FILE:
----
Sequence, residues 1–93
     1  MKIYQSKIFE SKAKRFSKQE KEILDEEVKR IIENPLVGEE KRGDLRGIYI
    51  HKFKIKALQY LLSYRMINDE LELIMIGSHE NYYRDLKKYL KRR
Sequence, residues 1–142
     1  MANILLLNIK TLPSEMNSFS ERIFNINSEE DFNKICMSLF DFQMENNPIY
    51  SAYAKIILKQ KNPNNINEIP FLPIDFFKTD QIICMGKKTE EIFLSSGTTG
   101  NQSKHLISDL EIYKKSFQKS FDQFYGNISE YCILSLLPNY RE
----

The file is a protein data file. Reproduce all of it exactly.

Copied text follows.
Sequence, residues 1–93
     1  MKIYQSKIFE SKAKRFSKQE KEILDEEVKR IIENPLVGEE KRGDLRGIYI
    51  HKFKIKALQY LLSYRMINDE LELIMIGSHE NYYRDLKKYL KRR
Sequence, residues 1–142
     1  MANILLLNIK TLPSEMNSFS ERIFNINSEE DFNKICMSLF DFQMENNPIY
    51  SAYAKIILKQ KNPNNINEIP FLPIDFFKTD QIICMGKKTE EIFLSSGTTG
   101  NQSKHLISDL EIYKKSFQKS FDQFYGNISE YCILSLLPNY RE